Grammar Chic Advises on Strategies to Decrease Ageism on Resumes

While employment discrimination based on age is illegal, certain aspects of resume can lead to unintended bias, notes Grammar Chic.

More and more people are extending the life of their career and working well into their 60s or 70s. However, many older adults are concerned that their age may be a turnoff to future employers who are looking to hire a younger workforce that may stick around longer and is more tech savvy. Grammar Chic highlights tips for updating resumes to remove some age-related red flags.

“Age shouldn’t impact your ability to get a job, yet oftentimes it does,” says Amanda Clark, CEO of Grammar Chic. “Crafting your resume in a way that highlights your abilities and accomplishments and doesn’t emphasize details related to age can help ward off some unconscious bias by hiring managers.”

The inclusion of dates is a key factor, and they can pop up in several different ways. Consider removing graduation dates from education and certifications unless they are recent. It is okay to have a degree completed in 2016 noted but no dates with older degrees. Also, limit career history to the past 10 to 15 years. Older experience can be removed or condensed so the focus is on more recent jobs.

“Don’t forget to look at your email address too,” says Clark. “If you use ‘JSmith1960,’ that could be perceived as the year you were born, regardless of whether it is. Try to keep specific years out, especially if they’re older. Look at updating the email provider you use as well. Platforms such as AOL and Hotmail have been around for a long time. Switch to something more current such as Gmail, even if you only use this email address for job-related correspondences.”

Another helpful strategy involves the actual content of the resume. Job seekers who start off exclaiming they have “more than 25 years of experience” or are a “seasoned professional” are automatically dating themselves. Consider less specific ways of expressing this such as “a wealth of experience,” “extensive experience,” or “diverse experience” and then going on to emphasize key abilities. In addition, replace outdated objectives with a solid summary of qualifications.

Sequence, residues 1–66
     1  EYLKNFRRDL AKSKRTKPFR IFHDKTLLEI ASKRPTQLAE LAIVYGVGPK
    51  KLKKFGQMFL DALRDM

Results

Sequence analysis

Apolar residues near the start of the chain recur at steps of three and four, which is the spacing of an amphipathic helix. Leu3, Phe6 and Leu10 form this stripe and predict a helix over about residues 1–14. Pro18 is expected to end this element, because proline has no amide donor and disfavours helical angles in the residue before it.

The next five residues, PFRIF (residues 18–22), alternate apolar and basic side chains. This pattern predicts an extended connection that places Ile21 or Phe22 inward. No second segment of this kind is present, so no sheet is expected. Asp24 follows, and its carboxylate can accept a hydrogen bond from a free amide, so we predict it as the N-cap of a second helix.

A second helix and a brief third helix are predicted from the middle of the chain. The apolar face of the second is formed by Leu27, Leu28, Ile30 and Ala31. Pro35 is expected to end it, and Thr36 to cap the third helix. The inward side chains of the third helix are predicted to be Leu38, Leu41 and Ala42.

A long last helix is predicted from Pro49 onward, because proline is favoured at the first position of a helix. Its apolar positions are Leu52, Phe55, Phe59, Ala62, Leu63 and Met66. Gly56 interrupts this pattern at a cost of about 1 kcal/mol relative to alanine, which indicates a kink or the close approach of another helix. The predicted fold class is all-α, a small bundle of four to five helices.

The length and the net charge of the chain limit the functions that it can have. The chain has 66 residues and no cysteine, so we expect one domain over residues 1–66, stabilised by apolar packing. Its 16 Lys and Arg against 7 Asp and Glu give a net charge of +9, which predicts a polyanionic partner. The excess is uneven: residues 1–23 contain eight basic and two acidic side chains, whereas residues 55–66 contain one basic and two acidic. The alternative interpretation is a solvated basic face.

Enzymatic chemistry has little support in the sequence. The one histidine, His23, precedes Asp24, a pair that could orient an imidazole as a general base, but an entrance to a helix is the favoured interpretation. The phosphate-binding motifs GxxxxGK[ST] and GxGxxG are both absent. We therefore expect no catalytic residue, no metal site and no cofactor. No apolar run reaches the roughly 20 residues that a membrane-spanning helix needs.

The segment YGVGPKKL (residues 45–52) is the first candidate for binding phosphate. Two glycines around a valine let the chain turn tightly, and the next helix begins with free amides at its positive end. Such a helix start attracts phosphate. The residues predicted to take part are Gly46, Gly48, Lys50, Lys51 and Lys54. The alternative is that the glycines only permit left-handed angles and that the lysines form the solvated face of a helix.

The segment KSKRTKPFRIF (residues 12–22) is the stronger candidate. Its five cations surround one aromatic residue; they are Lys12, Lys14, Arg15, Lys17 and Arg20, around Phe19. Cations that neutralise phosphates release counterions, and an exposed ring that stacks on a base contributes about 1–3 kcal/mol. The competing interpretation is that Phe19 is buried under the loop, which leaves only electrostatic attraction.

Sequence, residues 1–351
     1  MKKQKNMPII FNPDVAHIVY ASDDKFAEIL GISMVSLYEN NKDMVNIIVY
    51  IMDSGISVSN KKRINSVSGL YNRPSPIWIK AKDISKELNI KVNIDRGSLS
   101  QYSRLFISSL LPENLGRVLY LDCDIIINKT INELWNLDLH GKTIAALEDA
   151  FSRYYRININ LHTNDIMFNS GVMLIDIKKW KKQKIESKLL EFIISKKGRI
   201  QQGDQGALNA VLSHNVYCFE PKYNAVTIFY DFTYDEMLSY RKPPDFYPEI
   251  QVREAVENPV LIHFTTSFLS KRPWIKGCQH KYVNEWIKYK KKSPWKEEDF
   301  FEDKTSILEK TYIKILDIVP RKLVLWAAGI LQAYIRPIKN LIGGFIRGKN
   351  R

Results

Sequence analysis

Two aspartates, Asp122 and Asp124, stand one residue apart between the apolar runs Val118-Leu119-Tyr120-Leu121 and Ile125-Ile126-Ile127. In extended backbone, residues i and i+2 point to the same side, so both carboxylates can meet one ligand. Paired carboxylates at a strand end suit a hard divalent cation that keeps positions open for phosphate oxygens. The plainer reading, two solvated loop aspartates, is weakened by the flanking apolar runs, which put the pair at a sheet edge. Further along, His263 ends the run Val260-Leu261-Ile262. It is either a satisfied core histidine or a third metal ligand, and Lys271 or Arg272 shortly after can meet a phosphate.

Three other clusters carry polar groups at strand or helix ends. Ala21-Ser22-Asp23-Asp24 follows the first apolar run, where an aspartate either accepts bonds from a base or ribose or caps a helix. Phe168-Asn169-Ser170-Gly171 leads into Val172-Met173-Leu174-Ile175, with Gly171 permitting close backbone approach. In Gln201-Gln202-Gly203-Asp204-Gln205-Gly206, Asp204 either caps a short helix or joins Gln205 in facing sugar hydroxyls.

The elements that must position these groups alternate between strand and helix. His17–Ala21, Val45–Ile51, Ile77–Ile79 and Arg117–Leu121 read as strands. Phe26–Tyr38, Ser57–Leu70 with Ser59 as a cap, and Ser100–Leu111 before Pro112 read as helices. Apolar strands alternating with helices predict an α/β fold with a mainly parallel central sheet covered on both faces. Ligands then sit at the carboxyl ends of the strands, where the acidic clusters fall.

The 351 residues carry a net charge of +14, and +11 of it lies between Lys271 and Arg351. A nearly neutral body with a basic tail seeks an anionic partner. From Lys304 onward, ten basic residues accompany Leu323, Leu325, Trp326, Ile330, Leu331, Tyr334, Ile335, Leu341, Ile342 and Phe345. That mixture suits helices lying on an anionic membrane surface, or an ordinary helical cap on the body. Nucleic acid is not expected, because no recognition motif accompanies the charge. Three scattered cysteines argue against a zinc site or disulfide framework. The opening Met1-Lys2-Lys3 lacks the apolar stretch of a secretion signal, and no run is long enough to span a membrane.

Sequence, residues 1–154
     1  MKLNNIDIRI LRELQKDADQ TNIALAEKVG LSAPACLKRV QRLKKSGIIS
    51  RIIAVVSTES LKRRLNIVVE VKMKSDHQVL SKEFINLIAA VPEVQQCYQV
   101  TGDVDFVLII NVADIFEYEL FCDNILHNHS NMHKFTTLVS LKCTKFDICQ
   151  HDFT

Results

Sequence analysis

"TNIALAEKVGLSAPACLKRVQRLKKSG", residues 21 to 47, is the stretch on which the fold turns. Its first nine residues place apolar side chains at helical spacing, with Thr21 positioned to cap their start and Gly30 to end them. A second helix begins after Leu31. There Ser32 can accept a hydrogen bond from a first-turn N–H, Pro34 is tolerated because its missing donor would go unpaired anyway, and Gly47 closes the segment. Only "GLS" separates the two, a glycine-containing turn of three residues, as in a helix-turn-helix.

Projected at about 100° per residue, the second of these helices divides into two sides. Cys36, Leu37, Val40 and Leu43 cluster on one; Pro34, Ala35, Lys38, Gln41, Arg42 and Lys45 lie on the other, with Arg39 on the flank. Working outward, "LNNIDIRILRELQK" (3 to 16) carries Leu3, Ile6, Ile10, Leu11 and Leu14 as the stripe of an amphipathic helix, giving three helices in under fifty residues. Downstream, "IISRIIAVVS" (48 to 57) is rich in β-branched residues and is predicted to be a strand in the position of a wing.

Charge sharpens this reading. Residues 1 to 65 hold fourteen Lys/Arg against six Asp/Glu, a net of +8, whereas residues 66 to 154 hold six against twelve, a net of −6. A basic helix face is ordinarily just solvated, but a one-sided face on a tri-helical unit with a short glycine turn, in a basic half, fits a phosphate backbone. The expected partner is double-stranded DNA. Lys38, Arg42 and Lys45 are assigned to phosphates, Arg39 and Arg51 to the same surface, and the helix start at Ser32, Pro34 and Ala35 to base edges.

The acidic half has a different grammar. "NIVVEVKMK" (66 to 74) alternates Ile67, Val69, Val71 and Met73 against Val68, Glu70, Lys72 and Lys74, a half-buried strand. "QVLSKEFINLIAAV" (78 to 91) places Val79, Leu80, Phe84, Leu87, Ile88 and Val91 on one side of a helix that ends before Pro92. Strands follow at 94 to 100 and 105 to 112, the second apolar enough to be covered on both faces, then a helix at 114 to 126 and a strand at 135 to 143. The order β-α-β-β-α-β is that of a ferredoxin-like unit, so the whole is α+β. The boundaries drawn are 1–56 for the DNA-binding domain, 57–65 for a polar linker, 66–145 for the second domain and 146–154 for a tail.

Also, though subtle, use only one space between sentences instead of two. Using two spaces was common when typewriters were popular, but in the digital age, using a single space has become more of the norm. Little details can make a difference.

“Look at your resume with a critical eye to catch anything that may allude to your age,” says Clark. “And when it comes to your LinkedIn profile where a photo is included, ensure it’s something recent and professional, not a glamour shot from years ago. You want the attention to be on what you bring to the table, how you can benefit the company, and why you’re a great fit for the role, not your age.”

Grammar Chic helps job seekers to align their resumes with current expectations to help reduce ageism and present themselves in a positive light. To learn more about these services or schedule a consultation, contact Grammar Chic at (803) 831-7444 or


Grammar Chic is a comprehensive professional resume writing service that specializes in helping job seekers boost their appearance in the job market. This company offers in-depth consultation allowing candidates to explore their job history and skill sets. With a series of services — from entry-level to senior executive resume packages — Grammar Chic can provide the level of insight needed to ensure clients come out with a clean, polished, and appealing resume.

Those looking for resume and cover letter assistance are invited to contact Grammar Chic at (803) 831-7444 and tune into Twitter and Facebook for updates.

Media Contact
Company Name: Chic Resumes
Contact Person: Amanda Clark
Email: Send Email
Phone: 803-831-7444
Country: United States